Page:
News surfaced in recent days that a young Iranian man had been murdered by his own family for being gay. According to reports, Fazeli Monfared’s brother and two of his cousins viciously murdered him on May 4th in the Southwestern region of Iran near Ahvaz, after discovering he had been exempted from military service in Iran due to his sexuality. While there are conflicting accounts as to whether or not Fazeli Monfared was beheaded, there is no question to the brutality and reprehensible nature of his death. Not only for the violent way in which he was killed, but also for the fact that he was murdered for being gay.
Though this heinous action was not carried out by the state and the perpetrators have been reportedly arrested, the Iranian government’s criminalization of homosexuality creates an atmosphere of state-endorsed homophobia and the state does not act to protect gay Iranian men and women as members of society. Iranian penal code goes as far as making homosexuality punishable by death. When challenged on this grotesque policy in 2019, Iran’s Foreign Minister Javad Zarif defended it under the guise of “moral principles regarding the behavior of people in general.”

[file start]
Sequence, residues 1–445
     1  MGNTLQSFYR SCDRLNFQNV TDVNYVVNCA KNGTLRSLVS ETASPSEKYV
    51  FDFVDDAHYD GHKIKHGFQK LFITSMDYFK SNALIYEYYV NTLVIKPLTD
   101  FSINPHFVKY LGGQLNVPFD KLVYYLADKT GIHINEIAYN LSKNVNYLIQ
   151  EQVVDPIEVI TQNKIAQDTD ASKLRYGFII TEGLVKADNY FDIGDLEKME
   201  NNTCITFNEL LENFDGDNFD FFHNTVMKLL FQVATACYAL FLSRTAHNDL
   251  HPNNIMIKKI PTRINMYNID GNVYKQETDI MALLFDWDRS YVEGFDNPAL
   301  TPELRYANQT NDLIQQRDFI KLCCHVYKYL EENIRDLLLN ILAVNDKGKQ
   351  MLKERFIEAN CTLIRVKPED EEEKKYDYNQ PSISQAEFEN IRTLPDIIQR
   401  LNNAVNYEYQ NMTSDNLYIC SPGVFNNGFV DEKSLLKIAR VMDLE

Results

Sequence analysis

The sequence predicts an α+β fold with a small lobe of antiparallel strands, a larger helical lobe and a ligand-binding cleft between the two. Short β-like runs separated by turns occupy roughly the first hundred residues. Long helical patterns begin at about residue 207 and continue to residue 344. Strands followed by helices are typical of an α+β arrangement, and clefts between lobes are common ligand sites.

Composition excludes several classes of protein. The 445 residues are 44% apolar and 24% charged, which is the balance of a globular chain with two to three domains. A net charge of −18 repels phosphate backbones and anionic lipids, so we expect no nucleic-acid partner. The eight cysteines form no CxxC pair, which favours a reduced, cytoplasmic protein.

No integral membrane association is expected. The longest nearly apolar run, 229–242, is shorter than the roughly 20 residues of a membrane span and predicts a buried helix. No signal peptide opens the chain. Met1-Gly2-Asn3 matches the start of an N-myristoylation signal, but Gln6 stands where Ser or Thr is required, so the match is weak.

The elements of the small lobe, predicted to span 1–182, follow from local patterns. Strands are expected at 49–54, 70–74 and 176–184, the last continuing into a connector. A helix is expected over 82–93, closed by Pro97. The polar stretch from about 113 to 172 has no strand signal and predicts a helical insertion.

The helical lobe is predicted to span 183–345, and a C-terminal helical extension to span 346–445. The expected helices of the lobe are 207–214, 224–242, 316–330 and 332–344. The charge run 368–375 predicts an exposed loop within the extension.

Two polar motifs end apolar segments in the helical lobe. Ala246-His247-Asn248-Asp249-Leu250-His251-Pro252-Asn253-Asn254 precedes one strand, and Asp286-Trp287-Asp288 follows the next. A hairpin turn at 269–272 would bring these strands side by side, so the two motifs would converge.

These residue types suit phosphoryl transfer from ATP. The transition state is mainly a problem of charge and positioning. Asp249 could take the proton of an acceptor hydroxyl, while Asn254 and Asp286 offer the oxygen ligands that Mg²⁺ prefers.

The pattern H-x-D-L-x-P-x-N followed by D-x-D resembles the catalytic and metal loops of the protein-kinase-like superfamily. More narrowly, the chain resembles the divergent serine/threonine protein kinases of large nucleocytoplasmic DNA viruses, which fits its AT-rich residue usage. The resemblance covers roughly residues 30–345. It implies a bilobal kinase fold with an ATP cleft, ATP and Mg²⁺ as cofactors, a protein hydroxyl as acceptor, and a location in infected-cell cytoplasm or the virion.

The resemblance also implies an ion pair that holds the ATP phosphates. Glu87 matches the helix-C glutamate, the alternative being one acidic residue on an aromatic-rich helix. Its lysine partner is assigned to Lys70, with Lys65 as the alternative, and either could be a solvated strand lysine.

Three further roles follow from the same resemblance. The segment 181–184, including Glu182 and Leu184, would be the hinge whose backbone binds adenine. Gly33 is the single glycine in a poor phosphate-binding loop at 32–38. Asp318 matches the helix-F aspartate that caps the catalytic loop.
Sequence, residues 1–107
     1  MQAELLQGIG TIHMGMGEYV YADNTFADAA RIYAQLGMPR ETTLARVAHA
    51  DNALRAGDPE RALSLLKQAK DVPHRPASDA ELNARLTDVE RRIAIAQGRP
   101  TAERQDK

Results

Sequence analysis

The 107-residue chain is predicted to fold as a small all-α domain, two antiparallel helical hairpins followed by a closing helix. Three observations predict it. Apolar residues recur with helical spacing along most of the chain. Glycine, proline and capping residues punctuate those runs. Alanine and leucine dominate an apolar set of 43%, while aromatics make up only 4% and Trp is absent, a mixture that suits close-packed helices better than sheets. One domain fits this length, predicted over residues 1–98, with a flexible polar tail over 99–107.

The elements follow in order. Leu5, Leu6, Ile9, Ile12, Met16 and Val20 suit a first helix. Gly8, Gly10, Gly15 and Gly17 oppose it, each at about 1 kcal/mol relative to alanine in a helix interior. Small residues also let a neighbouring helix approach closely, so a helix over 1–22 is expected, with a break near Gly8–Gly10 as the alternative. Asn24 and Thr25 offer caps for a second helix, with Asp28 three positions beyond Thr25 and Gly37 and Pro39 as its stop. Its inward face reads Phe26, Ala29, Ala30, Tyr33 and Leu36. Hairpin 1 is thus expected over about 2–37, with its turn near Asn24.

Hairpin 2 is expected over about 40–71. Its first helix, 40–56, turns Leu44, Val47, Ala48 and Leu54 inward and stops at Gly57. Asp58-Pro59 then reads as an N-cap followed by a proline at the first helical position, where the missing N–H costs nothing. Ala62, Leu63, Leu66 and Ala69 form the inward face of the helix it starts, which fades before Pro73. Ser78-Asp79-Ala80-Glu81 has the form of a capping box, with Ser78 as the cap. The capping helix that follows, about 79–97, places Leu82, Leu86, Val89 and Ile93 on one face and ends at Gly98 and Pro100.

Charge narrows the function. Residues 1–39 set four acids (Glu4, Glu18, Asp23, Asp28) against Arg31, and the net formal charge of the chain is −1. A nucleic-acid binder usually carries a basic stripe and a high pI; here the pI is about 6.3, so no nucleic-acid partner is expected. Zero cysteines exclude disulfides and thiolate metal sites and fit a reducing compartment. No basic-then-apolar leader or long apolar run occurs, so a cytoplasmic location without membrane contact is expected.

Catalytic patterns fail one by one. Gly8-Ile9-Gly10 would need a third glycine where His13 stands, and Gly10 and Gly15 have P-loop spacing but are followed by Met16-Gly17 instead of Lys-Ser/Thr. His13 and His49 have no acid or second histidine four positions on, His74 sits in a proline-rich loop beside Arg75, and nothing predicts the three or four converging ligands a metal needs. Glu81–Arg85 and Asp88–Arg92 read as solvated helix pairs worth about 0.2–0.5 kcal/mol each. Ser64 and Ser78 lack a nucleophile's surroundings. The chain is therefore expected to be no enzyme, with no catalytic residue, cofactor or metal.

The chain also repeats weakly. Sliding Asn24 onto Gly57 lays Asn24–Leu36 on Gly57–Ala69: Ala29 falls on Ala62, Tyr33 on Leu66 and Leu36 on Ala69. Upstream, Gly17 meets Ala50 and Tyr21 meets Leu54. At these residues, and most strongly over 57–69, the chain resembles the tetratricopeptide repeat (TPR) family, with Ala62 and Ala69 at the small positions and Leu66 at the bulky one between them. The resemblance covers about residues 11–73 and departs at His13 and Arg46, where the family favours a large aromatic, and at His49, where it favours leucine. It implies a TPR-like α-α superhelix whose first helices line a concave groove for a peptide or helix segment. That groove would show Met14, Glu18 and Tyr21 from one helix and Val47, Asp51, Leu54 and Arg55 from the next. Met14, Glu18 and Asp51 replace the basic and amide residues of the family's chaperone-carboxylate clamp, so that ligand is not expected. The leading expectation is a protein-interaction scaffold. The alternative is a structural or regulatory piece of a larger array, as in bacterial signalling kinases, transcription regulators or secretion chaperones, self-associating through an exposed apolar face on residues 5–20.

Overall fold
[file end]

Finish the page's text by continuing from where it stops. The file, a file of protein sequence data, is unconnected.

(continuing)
While the government and its inhumane policy are certainly culpable for their part, it is important that Iranians also reflect on the serious issue of bigotry in their own society. A 2020 report from 6rang, a group that advocates for the Iranian LGBTQ+ community, found that six in ten queer Iranians had experienced some form of assault from homophobic family members. Both from the top-down and the bottom-up, Iranian society must address its treatment of the LGBTQ+ community as a central part of any human rights movement in Iran.
To be clear, Iranian society is not a monolith, and these viewpoints are not universally shared, nor was the murder of Fazeli Monfared supported by his entire family. As reports show, his mother was “hospitalized with shock,” compounding the devastation of this tragedy.
Alireza Fazeli Monfared was only 20-years old and just beginning his adult life. Any life taken so violently is appalling, but the case of Alireza is tragic for so many reasons. That he died at the hands of his own family members, in a country that criminalizes him instead of protecting him, that he died so young, but most of all because he was killed for nothing more than being himself. Being gay is not a crime, it is not a sickness or reason to feel ashamed. With Pride around the corner, the case of Alireza reminds us of the continued struggle for LGBTQ+ rights around the world. We must continue the fight not for tolerance, but for acceptance, and support our LGBTQ+ community so that they may live with the freedom and pride they deserve.Back to top